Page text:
I am a red-eyed, punched cheeks teen when I fall for him. I have only found escape in long car rides and retreating further into myself. When I am in his arms, he says, “You don’t have to keep run away here. You’re safe.” I let those words keep me by his side while he roars at me for my mistakes. I let them keep me when he drinks in another room on Christmas Eve, leaving me alone with his family. I let them keep me even when I have no desire to keep myself. Two years later, I finally stumble out of his bedroom, a ghost with shaking fingers and no sense of who I am.
From another country, a nice boy texts me secrets until sunrise and tells me that the best way to fall for someone is to collapse into them totally. He talks about his childhood pain, his drunken walks, his suicidal highs, and urges me to the same. Carefully, I show him the bruises on my ribs, the stab marks on my thighs, the places I let others inside. Undressing with him is never literal. When he talks about dying inside of me, I leave him with a mouthful of apologies. He said, give me everything, all of your pain, but I could not stand to whither beside him, drowning in my past shame.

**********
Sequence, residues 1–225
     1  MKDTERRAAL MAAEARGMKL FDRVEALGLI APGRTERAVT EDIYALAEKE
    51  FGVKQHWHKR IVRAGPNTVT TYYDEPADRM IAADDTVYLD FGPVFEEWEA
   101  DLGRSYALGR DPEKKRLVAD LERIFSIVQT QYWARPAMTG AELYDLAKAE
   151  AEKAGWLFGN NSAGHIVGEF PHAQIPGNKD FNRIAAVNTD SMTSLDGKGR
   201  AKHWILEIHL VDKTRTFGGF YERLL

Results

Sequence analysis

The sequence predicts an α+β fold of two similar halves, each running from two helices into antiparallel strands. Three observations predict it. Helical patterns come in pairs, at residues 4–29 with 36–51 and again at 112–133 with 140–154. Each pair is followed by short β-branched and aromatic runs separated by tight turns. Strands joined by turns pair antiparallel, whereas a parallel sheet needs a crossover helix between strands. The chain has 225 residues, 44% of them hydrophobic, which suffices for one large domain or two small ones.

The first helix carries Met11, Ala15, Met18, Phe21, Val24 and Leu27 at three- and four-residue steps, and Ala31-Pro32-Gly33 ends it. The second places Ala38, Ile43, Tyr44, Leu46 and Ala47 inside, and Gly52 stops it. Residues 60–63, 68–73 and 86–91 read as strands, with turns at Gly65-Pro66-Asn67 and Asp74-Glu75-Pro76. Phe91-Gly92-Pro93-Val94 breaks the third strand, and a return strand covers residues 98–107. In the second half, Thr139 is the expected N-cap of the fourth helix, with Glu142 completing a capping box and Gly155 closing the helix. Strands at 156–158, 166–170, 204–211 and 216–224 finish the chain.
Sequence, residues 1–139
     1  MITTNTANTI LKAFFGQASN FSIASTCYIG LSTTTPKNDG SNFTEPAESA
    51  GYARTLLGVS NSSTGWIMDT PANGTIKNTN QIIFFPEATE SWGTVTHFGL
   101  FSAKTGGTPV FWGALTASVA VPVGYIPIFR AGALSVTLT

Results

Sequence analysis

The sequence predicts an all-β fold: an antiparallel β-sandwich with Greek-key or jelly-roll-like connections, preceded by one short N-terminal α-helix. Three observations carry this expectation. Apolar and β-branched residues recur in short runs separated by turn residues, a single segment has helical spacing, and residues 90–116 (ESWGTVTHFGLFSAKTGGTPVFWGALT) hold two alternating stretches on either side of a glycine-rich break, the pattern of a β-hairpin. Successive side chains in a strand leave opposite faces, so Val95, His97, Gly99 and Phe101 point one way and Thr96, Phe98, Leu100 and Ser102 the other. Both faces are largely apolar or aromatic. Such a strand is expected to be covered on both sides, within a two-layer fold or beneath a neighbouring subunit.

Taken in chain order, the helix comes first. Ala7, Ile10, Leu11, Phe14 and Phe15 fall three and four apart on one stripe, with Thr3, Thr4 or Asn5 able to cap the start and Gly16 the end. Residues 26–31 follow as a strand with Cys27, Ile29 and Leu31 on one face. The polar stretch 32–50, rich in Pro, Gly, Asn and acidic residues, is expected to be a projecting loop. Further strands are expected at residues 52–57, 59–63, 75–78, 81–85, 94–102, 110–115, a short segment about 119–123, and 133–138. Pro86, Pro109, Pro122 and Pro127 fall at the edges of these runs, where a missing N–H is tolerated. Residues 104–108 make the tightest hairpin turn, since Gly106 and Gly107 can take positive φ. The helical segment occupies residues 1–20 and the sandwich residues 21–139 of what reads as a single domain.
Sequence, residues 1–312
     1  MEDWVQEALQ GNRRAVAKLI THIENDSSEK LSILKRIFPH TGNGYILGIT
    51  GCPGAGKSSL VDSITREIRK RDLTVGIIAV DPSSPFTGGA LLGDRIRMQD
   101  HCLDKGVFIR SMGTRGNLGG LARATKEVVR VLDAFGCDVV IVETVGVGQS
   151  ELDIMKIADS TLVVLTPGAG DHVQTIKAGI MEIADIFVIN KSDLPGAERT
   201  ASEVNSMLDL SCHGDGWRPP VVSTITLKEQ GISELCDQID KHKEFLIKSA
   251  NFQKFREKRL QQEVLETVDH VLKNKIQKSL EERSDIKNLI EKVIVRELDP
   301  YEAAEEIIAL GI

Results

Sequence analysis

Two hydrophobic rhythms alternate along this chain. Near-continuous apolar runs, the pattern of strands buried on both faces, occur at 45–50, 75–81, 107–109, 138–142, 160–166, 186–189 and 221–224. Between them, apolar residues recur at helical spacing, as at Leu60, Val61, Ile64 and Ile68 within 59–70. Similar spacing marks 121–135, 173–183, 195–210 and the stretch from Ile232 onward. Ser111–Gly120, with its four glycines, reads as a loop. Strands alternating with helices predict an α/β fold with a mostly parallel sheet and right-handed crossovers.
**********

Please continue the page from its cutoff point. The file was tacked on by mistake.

A few years later, I am walking beside a man with a pink, Easter egg head when he looks at me and says, You’re a mystery. What’s beneath all those layers? He’s trying to make learning how my body’s been handled seem like foreplay, but I can tell that he’s really trying to figure out how he can shape me. In his bedroom, he is so interested in me spilling poetry that he slits my wrists and says, Come on baby, bleed for me. I run myself dry, but no words come for him, because he taught me the art of being undressed and feeling nothing.
For awhile, even though I cannot remember others’ laughs, I continue to pick their names off of me like scabs. I continue to wake up feeling like I am being choked, only to cry out to a ghost. I continue to find myself saying it’s my fault, as I pull pieces of the past out of my heart. It is not until my mother sits me down and says that love’s burrowed in my bones, that I feel too much because I let everything live inside of me, that I begin to move on. She holds me and says, “You are not a graveyard for memories. Allow yourself to breathe.” Exhausted, I take a season off of love, and with time, grow a skin thicker than any of the insults that had been directed at me.